Parental Misconceptions Regarding Sports-Related Concussion
Methods: After Institutional Review Board approval, a previously validated online survey adapted for this study was completed from May to December 2013 by two groups, parents/caregivers who had their children evaluated at an Orthopaedic Center Primary Care Sports Medicine clinics for musculoskeletal or mild traumatic brain injuries and parents of students attending a local private school.
A Concussion Knowledge Index (CKI) (scores 0 to 25) and a Concussion Attitude Index (CAI) (score 15 to 75) were calculated using the data collected. Higher score indicated higher knowledge. Scores were compared using t-tests and chi-square tests.
Results: Group 1: total of 227 surveys, 214 completed (N=214), Group 2: total of 349 surveys, 235 completed (N=235).
Both groups of parents seemed to have misconceptions in specific points: 1.Brain imaging (CT/MRI) demonstrate abnormalities with concussion; 2. “Bell ringer or ding” is a concussion; 3. Reduced breathing rate as a symptom; 4. Difficulty speaking as a symptom.
Additionally, parents from group 1 that had received concussion education in the past had better CKI (20.47 vs. 19.08; p=0.01) and CAI (65.09 vs. 61.96; p=0.01), than those who had not.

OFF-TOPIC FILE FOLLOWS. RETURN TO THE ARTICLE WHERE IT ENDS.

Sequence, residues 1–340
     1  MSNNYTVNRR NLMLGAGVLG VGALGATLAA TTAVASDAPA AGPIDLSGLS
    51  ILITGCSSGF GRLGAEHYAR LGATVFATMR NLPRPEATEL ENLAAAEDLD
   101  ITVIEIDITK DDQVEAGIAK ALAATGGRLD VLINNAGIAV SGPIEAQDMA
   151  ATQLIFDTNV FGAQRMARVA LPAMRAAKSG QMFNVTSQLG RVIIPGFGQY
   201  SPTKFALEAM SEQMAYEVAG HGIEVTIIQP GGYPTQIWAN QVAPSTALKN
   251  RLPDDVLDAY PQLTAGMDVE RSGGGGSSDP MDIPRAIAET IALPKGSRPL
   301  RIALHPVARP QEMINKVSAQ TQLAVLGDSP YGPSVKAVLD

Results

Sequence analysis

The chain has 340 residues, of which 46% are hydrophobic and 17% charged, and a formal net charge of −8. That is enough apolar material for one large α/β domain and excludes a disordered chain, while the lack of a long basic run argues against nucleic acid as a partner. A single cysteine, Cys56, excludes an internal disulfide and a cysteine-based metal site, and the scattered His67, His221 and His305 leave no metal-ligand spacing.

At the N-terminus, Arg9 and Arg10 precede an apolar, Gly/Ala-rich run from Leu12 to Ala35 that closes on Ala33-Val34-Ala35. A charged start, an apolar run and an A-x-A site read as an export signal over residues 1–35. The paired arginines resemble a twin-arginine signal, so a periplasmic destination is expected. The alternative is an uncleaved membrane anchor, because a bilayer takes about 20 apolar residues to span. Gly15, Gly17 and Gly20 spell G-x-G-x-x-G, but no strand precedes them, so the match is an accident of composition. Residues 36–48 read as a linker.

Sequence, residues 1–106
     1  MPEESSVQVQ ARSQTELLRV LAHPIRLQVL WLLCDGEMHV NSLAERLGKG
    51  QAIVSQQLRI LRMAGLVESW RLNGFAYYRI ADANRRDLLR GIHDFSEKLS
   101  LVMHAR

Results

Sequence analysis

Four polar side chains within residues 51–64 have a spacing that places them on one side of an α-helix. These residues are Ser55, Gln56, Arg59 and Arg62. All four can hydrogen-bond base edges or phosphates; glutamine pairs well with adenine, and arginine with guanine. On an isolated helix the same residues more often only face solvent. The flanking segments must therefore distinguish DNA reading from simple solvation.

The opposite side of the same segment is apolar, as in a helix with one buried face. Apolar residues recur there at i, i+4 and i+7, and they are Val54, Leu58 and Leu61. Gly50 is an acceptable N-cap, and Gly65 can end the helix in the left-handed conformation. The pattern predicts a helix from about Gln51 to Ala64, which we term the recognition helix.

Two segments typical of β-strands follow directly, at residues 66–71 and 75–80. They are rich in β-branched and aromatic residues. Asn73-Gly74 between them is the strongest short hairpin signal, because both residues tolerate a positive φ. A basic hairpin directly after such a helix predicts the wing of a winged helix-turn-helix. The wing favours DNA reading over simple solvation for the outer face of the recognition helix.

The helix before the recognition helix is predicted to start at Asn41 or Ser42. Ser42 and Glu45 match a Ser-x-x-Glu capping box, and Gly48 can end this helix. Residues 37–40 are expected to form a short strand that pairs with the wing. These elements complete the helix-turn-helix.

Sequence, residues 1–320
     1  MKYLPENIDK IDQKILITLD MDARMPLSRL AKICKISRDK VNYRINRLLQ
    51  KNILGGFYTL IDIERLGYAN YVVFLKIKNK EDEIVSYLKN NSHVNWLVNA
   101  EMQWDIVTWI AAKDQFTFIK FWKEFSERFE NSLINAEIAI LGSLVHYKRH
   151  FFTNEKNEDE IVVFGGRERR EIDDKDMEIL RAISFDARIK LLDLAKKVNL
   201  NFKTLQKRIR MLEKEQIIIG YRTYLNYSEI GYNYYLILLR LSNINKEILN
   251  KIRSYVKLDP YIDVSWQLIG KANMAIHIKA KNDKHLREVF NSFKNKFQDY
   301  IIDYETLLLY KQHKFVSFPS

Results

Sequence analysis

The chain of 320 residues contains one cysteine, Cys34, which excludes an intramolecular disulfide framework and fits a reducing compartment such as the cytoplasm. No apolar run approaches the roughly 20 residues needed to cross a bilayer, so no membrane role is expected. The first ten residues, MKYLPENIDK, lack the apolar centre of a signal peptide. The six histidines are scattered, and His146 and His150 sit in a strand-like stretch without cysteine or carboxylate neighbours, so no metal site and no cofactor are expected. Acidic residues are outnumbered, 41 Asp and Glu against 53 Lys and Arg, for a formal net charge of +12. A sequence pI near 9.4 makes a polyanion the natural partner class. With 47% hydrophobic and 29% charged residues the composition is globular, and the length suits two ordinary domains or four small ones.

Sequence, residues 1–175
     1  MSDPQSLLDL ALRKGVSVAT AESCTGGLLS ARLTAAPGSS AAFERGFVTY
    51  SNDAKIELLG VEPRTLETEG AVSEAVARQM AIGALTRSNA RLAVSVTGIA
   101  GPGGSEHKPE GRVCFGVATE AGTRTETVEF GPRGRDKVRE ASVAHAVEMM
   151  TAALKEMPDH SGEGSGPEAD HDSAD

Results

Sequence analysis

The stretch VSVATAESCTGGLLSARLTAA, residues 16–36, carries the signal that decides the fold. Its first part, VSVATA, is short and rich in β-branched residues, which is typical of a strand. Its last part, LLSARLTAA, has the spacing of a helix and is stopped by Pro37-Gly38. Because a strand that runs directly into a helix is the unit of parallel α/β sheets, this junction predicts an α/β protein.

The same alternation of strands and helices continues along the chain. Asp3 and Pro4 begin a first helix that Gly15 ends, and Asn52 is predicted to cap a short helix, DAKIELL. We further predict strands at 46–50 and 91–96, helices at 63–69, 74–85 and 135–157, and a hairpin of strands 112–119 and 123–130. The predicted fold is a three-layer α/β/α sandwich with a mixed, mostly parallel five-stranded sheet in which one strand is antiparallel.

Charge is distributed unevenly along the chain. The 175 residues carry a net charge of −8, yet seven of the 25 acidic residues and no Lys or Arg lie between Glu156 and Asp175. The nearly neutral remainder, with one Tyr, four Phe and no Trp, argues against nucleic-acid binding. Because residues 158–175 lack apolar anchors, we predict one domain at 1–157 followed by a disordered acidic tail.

Conclusion: The majority of the parents demonstrated poor knowledge on a few key points. These false perceptions may impact when medical care is sought after concussion and lead to less than optimal home care after a concussion. Many parents are in need of education regarding concussion identification and post-injury evaluation. Further, our findings suggest that previously, the provision of education and instruction improves parental knowledge and attitudes towards sports-related concussions. Thus, developing future parental education programs that address these misconceptions can be effective to enhance knowledge and understanding.